In the regulating device, the bubble, droplet or film may regulate a stream or jet of ink in a printing or patterning device and the stream or jet is broken or encouraged to break into ink drop portions of desired size, spacing or frequency.

In accordance with yet another aspect of the present invention, a device for the controlled selection or deselection of portions of an emitted or emitting stream or jet of flowable material is provided. The selection/deselection device comprises:

    • a stream or jet of a working flowable material or fluid;
    • means for deciding or controlling which portions of the stream or jet are to be at least one of physically selected or deselected;
    • means for altering the path of the selected or deselected portions via interaction with a disposed or disposable bubble, droplet or film of a second flowable material;
    • means for selectively forming or placing the disposed bubbles, droplets or films;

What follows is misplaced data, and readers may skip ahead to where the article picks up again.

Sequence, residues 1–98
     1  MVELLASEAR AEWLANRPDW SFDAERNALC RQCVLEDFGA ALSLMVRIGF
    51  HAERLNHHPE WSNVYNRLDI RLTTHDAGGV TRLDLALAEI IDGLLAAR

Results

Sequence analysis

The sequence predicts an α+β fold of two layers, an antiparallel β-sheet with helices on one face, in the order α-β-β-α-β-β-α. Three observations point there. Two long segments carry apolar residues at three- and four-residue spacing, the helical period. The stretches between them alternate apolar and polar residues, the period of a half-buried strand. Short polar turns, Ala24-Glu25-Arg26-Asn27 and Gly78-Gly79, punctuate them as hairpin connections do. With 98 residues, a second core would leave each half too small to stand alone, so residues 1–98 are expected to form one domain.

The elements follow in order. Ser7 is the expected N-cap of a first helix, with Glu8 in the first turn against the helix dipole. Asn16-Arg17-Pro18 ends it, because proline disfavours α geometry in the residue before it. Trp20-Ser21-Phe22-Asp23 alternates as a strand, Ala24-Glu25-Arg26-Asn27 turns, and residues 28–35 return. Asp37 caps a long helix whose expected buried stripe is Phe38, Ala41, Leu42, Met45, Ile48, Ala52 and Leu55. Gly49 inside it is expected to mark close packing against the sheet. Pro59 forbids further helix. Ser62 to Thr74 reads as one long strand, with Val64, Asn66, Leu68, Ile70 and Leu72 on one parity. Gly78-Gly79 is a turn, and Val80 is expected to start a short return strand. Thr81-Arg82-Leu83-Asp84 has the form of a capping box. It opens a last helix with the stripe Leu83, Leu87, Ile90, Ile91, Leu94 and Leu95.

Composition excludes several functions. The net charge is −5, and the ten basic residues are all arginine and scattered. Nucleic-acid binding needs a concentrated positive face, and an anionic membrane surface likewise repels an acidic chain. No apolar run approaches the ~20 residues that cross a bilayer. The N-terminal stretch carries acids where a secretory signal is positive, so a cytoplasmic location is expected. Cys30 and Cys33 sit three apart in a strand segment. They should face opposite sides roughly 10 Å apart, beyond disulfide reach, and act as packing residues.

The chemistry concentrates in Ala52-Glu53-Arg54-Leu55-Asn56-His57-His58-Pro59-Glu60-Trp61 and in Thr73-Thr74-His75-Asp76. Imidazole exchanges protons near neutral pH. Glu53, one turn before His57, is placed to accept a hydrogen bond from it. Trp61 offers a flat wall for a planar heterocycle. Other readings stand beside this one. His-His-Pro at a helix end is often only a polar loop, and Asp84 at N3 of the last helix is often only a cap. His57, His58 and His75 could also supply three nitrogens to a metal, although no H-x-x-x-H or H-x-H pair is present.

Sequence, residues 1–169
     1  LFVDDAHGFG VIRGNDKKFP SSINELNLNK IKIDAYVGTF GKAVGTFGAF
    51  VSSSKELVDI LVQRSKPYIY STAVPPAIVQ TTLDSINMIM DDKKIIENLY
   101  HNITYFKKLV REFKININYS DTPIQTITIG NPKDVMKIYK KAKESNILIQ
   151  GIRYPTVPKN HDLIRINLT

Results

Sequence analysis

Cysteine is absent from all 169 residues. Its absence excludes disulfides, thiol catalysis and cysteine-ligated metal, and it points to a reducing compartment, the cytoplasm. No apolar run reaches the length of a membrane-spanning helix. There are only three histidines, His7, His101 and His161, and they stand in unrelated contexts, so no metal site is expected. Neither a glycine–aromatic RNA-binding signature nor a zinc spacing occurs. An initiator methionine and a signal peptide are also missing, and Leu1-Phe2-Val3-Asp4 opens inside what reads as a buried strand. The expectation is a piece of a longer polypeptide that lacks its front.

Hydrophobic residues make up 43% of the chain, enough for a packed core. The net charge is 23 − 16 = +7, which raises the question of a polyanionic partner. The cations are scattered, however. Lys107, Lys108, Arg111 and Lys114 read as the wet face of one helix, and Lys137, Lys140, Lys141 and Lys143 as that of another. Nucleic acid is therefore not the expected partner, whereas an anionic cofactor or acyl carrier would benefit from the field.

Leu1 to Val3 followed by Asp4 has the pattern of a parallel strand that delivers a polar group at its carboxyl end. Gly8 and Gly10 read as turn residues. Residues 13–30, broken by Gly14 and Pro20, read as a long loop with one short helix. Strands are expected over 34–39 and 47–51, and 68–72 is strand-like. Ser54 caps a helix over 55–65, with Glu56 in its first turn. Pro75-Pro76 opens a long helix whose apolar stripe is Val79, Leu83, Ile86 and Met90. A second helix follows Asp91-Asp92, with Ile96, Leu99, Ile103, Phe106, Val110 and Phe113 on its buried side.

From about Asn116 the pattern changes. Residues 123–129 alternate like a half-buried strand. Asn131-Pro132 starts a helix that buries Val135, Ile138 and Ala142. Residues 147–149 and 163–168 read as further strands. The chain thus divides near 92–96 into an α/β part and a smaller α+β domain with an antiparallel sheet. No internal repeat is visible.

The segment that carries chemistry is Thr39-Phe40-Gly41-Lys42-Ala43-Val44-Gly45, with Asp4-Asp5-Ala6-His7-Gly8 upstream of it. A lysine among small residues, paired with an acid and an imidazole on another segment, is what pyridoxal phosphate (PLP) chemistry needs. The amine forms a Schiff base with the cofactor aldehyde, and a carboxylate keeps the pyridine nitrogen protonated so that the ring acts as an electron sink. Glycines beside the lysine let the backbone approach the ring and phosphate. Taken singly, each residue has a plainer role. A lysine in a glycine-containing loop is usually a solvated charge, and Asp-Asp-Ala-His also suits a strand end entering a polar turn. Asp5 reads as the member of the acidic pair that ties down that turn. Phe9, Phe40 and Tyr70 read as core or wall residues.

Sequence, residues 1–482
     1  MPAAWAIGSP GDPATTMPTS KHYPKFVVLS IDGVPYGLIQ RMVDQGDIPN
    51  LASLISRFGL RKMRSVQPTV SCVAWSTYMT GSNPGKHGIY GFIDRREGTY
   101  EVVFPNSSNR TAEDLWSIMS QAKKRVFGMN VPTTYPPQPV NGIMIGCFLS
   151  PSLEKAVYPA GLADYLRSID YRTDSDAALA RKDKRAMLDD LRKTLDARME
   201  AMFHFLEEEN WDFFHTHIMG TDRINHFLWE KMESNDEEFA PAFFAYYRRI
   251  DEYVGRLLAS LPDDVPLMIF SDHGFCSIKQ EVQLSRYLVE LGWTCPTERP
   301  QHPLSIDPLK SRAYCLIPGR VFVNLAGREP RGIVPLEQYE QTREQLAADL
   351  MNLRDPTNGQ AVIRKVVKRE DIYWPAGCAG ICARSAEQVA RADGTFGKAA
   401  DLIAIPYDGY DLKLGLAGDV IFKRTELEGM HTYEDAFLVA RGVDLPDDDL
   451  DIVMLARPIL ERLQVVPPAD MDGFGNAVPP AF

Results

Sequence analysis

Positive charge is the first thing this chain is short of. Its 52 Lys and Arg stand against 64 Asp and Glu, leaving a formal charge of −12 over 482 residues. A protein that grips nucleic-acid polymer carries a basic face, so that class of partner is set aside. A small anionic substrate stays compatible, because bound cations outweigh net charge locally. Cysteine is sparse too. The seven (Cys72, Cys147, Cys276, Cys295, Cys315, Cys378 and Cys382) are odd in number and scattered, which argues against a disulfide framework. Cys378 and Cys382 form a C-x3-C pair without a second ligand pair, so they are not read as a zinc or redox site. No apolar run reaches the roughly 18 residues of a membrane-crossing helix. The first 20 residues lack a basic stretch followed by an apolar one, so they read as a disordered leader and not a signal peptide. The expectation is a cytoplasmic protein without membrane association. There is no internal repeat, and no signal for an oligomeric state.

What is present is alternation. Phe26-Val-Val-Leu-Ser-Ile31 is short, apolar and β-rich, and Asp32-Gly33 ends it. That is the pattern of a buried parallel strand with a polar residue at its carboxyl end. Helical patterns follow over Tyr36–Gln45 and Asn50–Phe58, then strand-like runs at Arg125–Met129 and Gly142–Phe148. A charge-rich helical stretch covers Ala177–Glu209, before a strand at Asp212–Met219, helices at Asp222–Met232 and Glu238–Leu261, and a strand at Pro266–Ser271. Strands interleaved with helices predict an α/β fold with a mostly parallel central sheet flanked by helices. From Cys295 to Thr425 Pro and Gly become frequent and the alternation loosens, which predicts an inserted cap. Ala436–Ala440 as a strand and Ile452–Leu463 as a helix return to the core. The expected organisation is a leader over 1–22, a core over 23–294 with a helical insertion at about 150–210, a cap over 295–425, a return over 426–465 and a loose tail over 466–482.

• wherein the altered path is different than the unaltered path; and
    • wherein the result is selected portions on one path and deselected portions on another path.

In the preferred selection/deselection device, the stream or jet is of a material to be printed or patterned upon a surface, such as an ink or a fluid utilized in a lab-on-a-chip or bioanalytical instrument. In the preferred device, the bubble or droplet doing the selection may be made up of a different material or of the same material as is being emitted. A preferred variation is wherein the bubble material is the vapor form of an emitted liquid.